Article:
WASHINGTON -- The United States wants its allies in the Middle East
to participate in NATO efforts to intercept shipments of weapons of mass
U.S. officials said the Bush administration has approved a program for a
range of states located in the Mediterranean to help intercept suspected WMD
and ballistic missile shipments to such countries as Iran and Syria. They
said these countries comprise the seven that participate in the
The countries are Algeria, Egypt, Israel, Jordan, Mauritania,
Morocco and Tunisia. The countries have been participating in a NATO
dialogue effort since 1994.
"We can look at ways to strengthen and expand NATO's Mediterranean
Dialogue so the alliance can better engage nations in North Africa and the
Middle East," Defense Secretary Donald Rumsfeld told a security
conference in Munich on Saturday. "Strengthening the Mediterranean
Dialogue, I believe, should be high on our agenda for the NATO Summit in
Rumsfeld cited two key areas of cooperation: the interdiction of WMD and
what he termed counter-terrorism. Other areas cited by the secretary were
peacekeeping missions, border security, opportunities for attendance at NATO
schools, and participation in the Partnership for Peace exercises.
The Mediterranean Dialogue has failed to achieve multilateral
cooperation amid Arab differences with Israel on numerous issues,
particularly Israel's nuclear program and relations with the Palestinians.
Instead, NATO has focused on separate efforts with each of the seven
members of the dialogue. The last NATO consultation with the seven members
took place in September 2003.
In 2003, scientists from Algeria, Jordan, Mauritania and Morocco were
recruited for NATO's science program. The panel sought to obtain input from
scientists from Arab League states "concerning the implications for civil
science of the fight against terrorism," a NATO statement said. The
activities -- which included the detection of WMD, decontamination, medical
countermeasures and agro-terrorism -- were termed as unclassified.
Administration officials said the United States plans to press for the
inclusion of the seven Middle East states in the Mediterranean Dialogue in
NATO's PfP. They said Turkey has agreed to support the U.S. demand at the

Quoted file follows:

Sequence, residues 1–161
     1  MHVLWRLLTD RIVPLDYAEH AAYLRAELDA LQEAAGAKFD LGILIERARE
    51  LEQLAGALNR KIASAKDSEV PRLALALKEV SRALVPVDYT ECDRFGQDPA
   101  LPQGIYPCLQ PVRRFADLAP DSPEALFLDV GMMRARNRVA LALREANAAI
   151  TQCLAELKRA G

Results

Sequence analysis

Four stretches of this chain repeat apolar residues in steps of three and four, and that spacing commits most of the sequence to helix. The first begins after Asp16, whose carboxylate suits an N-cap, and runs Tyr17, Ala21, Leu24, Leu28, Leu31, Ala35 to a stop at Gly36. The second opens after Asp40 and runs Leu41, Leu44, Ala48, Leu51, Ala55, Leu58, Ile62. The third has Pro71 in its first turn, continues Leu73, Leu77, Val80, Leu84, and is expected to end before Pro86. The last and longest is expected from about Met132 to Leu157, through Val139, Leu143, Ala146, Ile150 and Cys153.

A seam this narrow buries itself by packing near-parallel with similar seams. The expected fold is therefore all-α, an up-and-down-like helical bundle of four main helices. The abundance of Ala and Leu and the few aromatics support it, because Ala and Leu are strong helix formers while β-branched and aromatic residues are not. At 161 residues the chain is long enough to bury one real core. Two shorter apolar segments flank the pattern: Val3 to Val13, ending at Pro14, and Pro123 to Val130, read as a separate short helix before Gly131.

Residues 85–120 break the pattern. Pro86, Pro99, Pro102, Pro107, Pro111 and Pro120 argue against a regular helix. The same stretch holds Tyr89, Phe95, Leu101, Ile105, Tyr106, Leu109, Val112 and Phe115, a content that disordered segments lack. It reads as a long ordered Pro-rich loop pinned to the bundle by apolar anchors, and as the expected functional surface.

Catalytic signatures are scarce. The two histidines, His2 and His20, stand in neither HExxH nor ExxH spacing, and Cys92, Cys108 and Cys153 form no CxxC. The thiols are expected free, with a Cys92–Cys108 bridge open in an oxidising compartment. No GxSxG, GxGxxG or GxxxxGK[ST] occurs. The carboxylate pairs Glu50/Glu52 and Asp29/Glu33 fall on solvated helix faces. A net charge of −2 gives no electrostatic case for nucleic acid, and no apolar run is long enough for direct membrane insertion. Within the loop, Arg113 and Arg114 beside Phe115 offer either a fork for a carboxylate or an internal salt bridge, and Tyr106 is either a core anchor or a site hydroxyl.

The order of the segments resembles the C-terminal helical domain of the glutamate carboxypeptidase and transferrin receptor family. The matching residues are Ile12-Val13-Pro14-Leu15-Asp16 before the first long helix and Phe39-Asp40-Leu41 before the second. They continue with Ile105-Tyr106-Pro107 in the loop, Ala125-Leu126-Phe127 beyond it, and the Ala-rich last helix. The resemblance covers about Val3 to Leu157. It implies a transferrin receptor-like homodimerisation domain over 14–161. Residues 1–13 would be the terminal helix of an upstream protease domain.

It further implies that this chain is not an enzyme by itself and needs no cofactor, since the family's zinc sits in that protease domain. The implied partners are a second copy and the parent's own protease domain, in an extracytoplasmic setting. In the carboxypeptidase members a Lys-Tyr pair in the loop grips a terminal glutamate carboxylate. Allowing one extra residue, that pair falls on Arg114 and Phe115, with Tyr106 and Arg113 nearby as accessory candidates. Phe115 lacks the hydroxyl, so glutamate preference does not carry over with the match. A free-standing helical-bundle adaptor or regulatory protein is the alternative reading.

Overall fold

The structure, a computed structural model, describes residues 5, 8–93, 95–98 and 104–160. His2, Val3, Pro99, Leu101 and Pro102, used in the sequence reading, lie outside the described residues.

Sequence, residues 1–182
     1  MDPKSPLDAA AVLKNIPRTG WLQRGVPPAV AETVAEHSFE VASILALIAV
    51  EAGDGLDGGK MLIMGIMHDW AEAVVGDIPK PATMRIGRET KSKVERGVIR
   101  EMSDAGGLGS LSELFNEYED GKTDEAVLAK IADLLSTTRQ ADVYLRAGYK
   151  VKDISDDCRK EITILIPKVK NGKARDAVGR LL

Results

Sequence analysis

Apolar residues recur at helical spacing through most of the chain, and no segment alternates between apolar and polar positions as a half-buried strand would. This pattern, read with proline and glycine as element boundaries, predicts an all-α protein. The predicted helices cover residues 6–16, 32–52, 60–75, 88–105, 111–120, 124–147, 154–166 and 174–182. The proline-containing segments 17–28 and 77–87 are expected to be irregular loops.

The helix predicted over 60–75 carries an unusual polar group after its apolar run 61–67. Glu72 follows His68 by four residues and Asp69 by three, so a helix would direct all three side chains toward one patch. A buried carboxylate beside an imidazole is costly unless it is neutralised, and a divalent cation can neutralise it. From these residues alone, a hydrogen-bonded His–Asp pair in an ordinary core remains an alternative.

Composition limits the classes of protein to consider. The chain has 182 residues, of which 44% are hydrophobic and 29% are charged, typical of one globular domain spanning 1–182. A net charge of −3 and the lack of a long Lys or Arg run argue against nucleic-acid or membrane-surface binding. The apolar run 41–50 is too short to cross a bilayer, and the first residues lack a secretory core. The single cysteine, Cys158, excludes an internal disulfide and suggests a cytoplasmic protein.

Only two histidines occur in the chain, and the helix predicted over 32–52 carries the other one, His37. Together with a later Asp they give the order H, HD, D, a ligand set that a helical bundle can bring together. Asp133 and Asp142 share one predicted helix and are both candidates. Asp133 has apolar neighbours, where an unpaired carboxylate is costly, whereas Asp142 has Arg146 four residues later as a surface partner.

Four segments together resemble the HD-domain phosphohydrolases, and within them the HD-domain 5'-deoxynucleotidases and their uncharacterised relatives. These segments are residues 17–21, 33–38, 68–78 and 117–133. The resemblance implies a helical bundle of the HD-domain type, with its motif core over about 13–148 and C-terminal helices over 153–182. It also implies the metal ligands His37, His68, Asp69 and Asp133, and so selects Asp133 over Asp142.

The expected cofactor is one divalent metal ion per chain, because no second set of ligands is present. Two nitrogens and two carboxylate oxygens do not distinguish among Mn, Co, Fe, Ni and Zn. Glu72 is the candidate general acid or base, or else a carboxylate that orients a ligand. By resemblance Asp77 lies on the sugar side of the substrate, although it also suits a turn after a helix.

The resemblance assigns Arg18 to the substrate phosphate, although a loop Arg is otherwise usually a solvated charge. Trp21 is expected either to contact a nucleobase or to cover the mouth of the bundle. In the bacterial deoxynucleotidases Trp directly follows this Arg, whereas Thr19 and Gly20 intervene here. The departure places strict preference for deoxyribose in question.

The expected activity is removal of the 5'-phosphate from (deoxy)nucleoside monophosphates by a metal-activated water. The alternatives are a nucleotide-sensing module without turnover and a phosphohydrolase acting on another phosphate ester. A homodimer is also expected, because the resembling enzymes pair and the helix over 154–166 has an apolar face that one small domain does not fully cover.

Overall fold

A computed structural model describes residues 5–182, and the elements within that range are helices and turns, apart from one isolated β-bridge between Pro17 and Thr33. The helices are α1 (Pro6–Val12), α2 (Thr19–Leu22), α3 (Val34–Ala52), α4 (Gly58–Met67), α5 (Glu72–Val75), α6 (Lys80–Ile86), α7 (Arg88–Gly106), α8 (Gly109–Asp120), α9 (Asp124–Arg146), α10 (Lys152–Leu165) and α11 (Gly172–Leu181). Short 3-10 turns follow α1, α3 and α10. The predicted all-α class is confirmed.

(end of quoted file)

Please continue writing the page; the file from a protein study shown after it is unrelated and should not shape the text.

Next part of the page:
Istanbul summit in June.
At the same time, the United States has pressed the European Union to
delay an economic and political cooperation agreement with Syria because of
its WMD program. Several EU members have agreed with Washington that any
pact with Syria must be preceded by guarantees that Damascus will eliminate
its biological and chemical weapons programs.
For its part, Iran canceled its participation in the Munich conference.
The administration has also determined that several Middle East states
began steps toward democracy that should be encouraged by NATO. The
developments cited by the administration include the establishment of a new
parliament in Morocco, the 2002 parliamentary elections in Bahrain, the
decision by Oman to allow men and women to vote, the adoption
of a constitution in Qatar, elections in Jordan in the summer of 2003 and
direct elections for Kuwait's parliament.
[On Monday, the Washington Post reported that the Bush administration
plans to promote democracy in the Middle East via a model similar to the
1975 Helsinki accords with the former East Bloc. The reported initiative
would commit Arab and South Asian regimes to adopt democratic reforms and be
held accountable on human rights.]
"Our challenge is to think creatively about how we can harness the power
of the alliance and to contribute to similar democratic progress across the
Middle East," Rumsfeld said.